Christine Caine on Embracing the Unexpected, How Christians Can Combat Satanic 'Spirit of Fear'

Christine Caine, founder of the A21 Campaign, speaks at Passion 2018 in Atlanta, January 2018. | (Photo: Mary Caroline Russell)

To effectively combat the "spirit of fear" pushed by Satan in today's chaotic world, Christians must build their "faith muscle" and remember that God is unchanging in both the good and bad times, according to evangelist Christine Caine.

Caine, an internationally known preacher, speaker and author, told The Christian Post that the climate of fear and uncertainty evident across the globe prompted her to write her latest book, Unexpected: Leave Fear Behind, Move Forward in Faith, Embrace the Adventure. 

"Over the last few years, I've seen so many people shaken by unexpected circumstances and events, morally, politically, and spiritually," she said. "The Bible tells that a spirit of fear doesn't come from God — it's from Satan. The enemy wants to cripple and paralyze our faith, because without faith, it's impossible to please God. When I look at the landscape of the world and I see all of the chaos, pain, suffering, and division, I think the enemy has gone after people's faith. You see a real sense of hopelessness and futility."

"It occurred to me that what is unexpected to us is not unexpected to God, and the same grace that got us this far will get us through anything in the future," she continued. "I want to inject faith and hope in a time right now where there's a lot of despair."

In her book, Caine presents compelling, real-life stories and practical, scripture-based strategies to encourage readers to expect and even embrace unpredictable circumstances and live in the freedom and security found in Christ alone.

"Unexpected circumstances are part of living and breathing, so we need to strengthen our faith muscle so that in the midst of things changing or being chaotic, we can navigate that from a place of faith," she said. "Although everything that happens to us is not good, God is still good, and He works all things together for good."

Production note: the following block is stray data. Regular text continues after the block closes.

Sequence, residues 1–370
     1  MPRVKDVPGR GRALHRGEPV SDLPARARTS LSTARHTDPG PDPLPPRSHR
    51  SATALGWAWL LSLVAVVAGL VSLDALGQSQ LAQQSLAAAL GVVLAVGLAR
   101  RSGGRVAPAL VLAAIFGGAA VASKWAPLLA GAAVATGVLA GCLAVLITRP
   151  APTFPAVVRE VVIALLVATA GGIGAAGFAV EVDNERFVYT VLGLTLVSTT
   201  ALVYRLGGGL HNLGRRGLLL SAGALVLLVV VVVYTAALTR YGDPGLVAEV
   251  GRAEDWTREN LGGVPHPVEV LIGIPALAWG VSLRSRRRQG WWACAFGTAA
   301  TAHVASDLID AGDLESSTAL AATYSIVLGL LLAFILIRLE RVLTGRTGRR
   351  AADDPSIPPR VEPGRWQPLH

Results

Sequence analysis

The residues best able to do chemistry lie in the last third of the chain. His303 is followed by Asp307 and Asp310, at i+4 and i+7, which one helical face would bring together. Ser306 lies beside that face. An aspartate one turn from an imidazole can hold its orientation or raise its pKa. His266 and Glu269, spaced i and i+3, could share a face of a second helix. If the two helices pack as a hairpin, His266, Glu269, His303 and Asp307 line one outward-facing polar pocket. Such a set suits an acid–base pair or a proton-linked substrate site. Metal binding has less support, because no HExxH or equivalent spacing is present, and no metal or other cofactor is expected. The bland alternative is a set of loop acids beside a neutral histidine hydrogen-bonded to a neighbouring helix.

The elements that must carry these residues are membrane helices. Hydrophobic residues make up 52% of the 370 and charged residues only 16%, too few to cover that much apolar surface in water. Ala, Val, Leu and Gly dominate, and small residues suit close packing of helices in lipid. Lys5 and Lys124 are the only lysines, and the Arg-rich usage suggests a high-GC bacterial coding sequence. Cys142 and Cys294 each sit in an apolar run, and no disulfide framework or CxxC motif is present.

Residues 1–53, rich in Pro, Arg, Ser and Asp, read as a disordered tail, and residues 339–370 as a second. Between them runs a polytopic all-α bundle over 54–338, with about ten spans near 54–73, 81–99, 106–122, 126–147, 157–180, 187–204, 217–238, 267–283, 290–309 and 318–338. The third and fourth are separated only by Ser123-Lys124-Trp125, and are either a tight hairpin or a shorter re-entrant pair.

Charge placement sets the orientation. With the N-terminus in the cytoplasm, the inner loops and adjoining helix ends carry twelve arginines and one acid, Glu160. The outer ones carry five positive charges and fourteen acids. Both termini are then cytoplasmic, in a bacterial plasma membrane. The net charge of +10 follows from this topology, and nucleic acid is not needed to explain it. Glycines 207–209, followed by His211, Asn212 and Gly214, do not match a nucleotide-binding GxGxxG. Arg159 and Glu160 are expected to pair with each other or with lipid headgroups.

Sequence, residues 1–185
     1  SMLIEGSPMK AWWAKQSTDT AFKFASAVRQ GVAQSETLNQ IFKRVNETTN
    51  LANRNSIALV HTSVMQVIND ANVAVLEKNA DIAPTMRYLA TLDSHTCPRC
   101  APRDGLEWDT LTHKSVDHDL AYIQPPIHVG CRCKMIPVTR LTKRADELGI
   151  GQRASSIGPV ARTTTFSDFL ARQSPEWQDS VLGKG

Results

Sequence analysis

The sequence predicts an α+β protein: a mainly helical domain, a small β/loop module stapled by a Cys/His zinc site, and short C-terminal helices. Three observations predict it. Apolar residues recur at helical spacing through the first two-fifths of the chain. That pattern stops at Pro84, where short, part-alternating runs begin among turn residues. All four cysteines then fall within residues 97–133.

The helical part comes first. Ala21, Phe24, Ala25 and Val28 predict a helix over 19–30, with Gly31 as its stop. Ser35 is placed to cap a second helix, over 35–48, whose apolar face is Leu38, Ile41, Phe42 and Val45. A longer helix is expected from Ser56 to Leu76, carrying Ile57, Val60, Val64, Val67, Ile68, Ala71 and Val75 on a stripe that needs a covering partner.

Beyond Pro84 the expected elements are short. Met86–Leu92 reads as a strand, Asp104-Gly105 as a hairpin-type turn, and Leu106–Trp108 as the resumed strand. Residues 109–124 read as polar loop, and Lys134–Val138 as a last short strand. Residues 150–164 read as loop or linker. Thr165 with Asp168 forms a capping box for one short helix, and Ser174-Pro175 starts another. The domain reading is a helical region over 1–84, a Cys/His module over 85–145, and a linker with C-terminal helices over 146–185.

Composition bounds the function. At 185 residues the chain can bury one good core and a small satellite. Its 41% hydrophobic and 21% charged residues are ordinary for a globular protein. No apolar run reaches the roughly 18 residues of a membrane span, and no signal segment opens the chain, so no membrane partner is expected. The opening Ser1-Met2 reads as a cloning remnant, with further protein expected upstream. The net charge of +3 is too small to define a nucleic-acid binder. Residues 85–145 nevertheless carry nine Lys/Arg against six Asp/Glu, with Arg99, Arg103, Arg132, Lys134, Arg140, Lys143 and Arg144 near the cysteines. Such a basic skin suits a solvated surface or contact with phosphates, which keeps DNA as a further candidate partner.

When it comes to facing the unexpected, Caine speaks from experience. In 2014, she was diagnosed with cancer after waking up with a sore throat during one of the "busiest and biggest seasons" of her life.

"I was participating in speaking engagements and had just released a new book when the doctor called me and said those words no one ever wants to hear: 'You have cancer,'" she recalled. "At that moment, I had to really decide how I was going to respond. I said to my doctor, 'My battle isn't against cancer. My battle is against fear, because fear will cripple and paralyze me and prevent me from thinking clearly and moving in faith.'"

While she was healed from her illness thanks to "prayer and medical intervention," Caine said that during those weeks of uncertainty she surrounded herself with friends who would sympathize but refuse to allow her to wallow in a negative diagnosis.

"I found trusted people who came alongside me and reminded me that what Jesus did for me was bigger than any circumstance I was in," she said. "When you're faced with trying circumstances, you need people around you that are going to keep God in a big perspective and not shrink Him down to your painful experience, because I think that's where we get stuck. Sometimes, we are too broken to get to Jesus; we need friends who will put us on a mat and drop us through the roof. We need people around us who will say, 'I'll take you, because you can't take yourself there.'"